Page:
Color For Fright: Our Use of Color In a Halloween Trailer

Hey Trove friends, thank you as always for tuning in to our blog here at Trove! This week we have been working with color! How so? You may wonder. Well… we’ve just finished working on a haunted house trailer based off Edgar Allan Poe’s classic stories. Some of the stories featured are “The Tell-Tale Heart”, “Fall of the House of Usher,” “Mask of Red Death,” and “The Raven.” What’s awesome about working on a trailer with known stories is that you can push mediums like color to enhance the narrative.


Color is important because it affects viewers emotionally, psychologically, and even physically. Perfect for anything horror related! Color can build harmony but also can create tension depending on what color scheme you use. Some of these color schemes consist of monochromatic, analogous, complementary, and triadic.

Briefly, what are those color themes? Monochromatic is one color hue that is altered by the change in tones and shades; creating an awesome use of contrast. Analogous is when you use a set of colors that are right next to each other on the color wheel; which is pleasing to the eye. Complementary colors are opposite colors on the color wheel; and are used when there are internal conflicts. Triadic is the use of three colors on the color wheel evenly spaced; they do not have to be right next to each other. It is important when using these color theme that one color is more dominant in the scene and the other two colors are complimenting the more dominant color.


Image Examples

Specifically, color can draw your eye to a certain subject. Directors tend to do this in a story because they have a message they want to send to viewers.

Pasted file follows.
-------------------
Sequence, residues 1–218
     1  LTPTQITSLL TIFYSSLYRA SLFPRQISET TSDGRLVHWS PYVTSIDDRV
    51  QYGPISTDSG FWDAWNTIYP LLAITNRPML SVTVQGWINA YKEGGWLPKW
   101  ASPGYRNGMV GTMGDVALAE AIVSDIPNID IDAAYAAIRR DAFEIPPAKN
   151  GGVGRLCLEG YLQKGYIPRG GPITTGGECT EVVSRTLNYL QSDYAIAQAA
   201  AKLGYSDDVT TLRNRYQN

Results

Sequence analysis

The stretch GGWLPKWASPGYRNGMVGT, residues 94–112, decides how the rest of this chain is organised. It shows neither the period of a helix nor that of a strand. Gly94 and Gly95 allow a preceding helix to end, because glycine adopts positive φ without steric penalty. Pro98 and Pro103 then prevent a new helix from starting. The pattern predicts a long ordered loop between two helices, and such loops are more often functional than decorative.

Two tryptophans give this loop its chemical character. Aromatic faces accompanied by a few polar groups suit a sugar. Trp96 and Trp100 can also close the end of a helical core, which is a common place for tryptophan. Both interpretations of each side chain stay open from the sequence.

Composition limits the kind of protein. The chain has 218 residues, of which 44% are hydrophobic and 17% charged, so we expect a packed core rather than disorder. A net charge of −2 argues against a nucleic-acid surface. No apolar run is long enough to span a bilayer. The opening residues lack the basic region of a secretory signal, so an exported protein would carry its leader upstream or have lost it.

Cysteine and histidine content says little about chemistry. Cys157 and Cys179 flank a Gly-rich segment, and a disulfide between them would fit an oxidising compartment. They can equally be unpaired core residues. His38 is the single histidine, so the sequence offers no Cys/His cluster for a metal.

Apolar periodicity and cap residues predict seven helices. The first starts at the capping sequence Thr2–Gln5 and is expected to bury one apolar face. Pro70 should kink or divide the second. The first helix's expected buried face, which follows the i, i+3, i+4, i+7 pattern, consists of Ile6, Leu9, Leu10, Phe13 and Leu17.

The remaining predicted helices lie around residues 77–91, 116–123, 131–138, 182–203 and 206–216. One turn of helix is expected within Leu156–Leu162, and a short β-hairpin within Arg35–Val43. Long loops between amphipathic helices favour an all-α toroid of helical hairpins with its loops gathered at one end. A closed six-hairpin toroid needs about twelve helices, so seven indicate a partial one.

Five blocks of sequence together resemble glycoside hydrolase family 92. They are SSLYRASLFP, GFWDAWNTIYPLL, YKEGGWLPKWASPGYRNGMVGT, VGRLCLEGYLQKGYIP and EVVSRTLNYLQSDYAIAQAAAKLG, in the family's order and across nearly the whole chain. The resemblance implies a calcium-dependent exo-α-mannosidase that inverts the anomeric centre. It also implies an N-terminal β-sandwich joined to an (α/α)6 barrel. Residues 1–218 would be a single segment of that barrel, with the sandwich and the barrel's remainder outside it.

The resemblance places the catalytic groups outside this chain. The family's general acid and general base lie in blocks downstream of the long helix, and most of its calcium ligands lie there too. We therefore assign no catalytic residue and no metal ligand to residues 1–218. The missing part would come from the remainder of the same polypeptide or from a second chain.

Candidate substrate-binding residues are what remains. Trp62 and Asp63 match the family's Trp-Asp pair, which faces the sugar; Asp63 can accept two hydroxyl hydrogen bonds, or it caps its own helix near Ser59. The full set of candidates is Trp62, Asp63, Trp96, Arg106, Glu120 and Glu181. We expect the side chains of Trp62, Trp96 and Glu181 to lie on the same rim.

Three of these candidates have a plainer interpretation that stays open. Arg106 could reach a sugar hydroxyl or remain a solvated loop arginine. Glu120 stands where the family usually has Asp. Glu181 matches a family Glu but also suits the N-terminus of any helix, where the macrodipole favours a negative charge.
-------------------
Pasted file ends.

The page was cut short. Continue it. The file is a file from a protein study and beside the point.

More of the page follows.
We created a scene from the “Tell-Tale Heart” and most of the room is yellow. In color psychology yellow can be used to indicate intensity and frustration. As viewers are focusing on certain actions in the video they get the impression that the character is frustrated and the situation is intense.

In the story itself, the author is going insane as he’s telling the story of how he killed a man. Therefor we used yellow and show aspects like the door knob shaking to give the impression that things are about to break through the surface, making viewers feel an adrenaline rush.

Certain colors can be used for characters to indicate their personality type or their intentions. In another scene we have the villain from the “Mask of Red Death”; and he’s in a red cap, blood on his face, and holding a bloody apple.


In the scene the villain is standing in front of a dinner table and smoothly shows the audience the apple. At first you might not realize that the apple has blood on it. Although you don’t see the blood, the audience knows something is not right due to the red hue of the room. The red tell us that there’s a sense of desire but that he’s simultaneously dangerous.